The thinking behind a modern sailing event – SE challenge's roots

Challenge your comfort zone

It was almost dark when I stepped from the ever-balancing hull of my Seascape 18 onto the dock in Svendborg. To my surprise, the familiar cocktail of relief, elation, sadness, joy, and overwhelming sensation of accomplishment started to kick in.

It was the same sensation that I got so used to when stepping off my Mini650 after another Fastnet or Minitransatrace. The surprise came from the fact that this was not a 20-day offshore race on an extreme ocean racer but a "mere" 36-hour, 134-mile race around the island of Fyn in Denmark. Truth be told, the boat I sailed on the second edition of the Silverudder race was even a meter shorter than a Mini 650, plus there was no autopilot. But I believe the sensation woke me up because of something else: I was not an ocean racer anymore, just another member of the workforce sailing for fun in my free time.

You might wonder what a race on the other end of Europe has to do with the Challenge. The short answer is—almost everything. During most of the 1600 km drive back south to Slovenia, I kept thinking about how to transplant the idea of Silverrudder—the brainchild of Morten Brand—into the Mediterranean.

It turned out the task was all but simple. The easy-going culture of the Adriatic has little to do with the Ironmen I encountered in the Baltic. Luckily, at about the same time, we started exploring the potential of service design. We invited two service designers, Jurka and Primož, to join our team and started creating customer journeys, personas, dramatic arcs, blueprints, and other planning tools. At the end of the process, it turned out that designing an event was just as satisfying as designing a sailboat.

What I really love about the Challenge is that we were able to build it around lots of small ideas that we picked up through ocean racing, cruising, or even other sports and recognized as special and in line with our values. One that really stuck with me was about prizes.


Tome Bašič and I were lucky to have finished third on an extremely competitive Mini Fastnetrace. The 600-mile-long course took almost 100 doublehanded teams and their state-of-the-art Mini 650 ocean racers from France to Fastnet Rock and back. Some big names of ocean racing were on the start line, and the race itself was the second most important race in the Classemini calendar after the Minitransat. All this is important in order to understand my surprise when we were called to the stage to receive our hard-earned prize. The prize consisted of a bone-breaking hug from the race director and a plastic bag with a few cans of sardines. The next year, I participated in the Mini Fastnet with Phil Sharp, and we ended up in third place again. And sure enough, there came the hug and the sardines again. After a few beers, I ended up in a conversation with the race director, and I couldn't help but ask about the prizes. He looked at me and asked: "Will you honestly ever forget that you were the third in the Mini Fastnet?" to which I had to admit that the answer was no. "Then why do you need the bloody trophy?" concluded the big Breton.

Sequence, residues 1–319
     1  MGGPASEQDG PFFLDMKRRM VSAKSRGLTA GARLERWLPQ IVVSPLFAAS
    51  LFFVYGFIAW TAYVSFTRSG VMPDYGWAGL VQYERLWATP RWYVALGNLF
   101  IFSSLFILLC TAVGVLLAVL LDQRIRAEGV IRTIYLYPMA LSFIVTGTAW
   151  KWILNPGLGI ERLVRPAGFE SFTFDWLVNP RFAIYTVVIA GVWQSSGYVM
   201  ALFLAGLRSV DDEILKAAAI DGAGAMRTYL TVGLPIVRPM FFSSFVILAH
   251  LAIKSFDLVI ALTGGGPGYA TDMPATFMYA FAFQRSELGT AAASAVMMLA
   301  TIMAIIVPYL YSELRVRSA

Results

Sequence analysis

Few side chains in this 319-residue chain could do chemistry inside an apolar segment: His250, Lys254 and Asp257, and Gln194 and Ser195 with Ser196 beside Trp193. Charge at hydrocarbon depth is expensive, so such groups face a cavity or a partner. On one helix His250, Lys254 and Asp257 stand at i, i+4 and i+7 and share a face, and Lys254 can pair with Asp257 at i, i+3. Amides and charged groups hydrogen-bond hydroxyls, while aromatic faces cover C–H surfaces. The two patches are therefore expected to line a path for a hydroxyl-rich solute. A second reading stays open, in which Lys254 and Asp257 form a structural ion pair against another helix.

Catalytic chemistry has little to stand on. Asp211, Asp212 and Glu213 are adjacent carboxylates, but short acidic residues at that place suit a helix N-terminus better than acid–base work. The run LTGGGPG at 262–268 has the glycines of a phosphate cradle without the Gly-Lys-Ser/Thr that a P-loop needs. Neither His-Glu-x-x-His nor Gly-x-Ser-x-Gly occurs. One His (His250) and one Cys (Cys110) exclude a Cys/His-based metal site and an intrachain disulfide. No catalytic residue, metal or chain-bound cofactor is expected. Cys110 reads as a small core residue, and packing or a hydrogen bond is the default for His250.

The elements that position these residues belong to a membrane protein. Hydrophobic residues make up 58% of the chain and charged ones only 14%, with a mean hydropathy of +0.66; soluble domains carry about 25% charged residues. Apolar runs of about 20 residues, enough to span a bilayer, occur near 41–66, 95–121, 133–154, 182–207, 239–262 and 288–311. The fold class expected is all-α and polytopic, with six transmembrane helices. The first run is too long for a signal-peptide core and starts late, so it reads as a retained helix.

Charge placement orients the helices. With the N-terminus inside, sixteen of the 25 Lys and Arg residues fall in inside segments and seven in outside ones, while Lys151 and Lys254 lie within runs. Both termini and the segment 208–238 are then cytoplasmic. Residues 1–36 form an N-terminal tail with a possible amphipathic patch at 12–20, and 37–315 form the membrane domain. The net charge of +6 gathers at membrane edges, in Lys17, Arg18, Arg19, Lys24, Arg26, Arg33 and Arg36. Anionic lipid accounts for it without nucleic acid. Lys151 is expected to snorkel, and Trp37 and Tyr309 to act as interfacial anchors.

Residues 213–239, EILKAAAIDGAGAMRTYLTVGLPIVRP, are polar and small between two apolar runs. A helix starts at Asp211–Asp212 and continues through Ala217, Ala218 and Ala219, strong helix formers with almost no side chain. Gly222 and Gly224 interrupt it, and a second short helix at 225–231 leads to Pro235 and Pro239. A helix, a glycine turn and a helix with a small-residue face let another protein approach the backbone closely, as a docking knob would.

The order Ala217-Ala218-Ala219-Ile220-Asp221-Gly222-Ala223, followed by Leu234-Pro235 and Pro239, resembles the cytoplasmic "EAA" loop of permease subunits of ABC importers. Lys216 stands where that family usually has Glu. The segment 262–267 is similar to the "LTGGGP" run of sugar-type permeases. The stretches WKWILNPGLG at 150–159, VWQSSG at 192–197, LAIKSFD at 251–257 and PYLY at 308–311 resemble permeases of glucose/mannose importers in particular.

This and many other details are embedded into the core of the Challenge. But don’t worry – we moved past the sardines in olive oil. We went a step further and awarded the challengers with pure olive oil.

But what is actually the Challenge? Technically speaking, it means that the First 18 SE crews sail the 100-mile course, while the 24s and 27s can choose between the 100- or 150-mile race. The start and finish are set in the tiny village of Jezera on the island of Murter in Croatia. We designed the courses the night before the race according to the predicted weather in order to give the crews the best possible sailing and racing experience. But more importantly, the Challenge is the first big gathering of the Seascape and First community after the winter. It is also an amazing relationship that we share with Barbara, Ivan, and everybody from the local Freespirit sailing center. Through them, the whole village becomes a part of the race, which provides a cozy and inclusive atmosphere for everybody lucky enough to be in Jezera at that time of the year.

Essentially, The Challenge is a way to strengthen your relationships. Being exposed to the day and night scenery of one of the most beautiful archipelagos in the world clears the dust from your brain. Sharing it with your friend or family member builds a very special bond that can only be forged outside of your comfort zone. And the friendships that are born between sailors, organizers, and even locals are colorful and incredibly resilient.


The 2022 Challenge is around the corner, and we hope to see you there. If you don't want to sail it (or didn't make the cut in the usually sold-out starting places), I would suggest that joining it as a spectator is an excellent way to put your toe in the water and start looking towards the horizon.

Published on 19.01.2023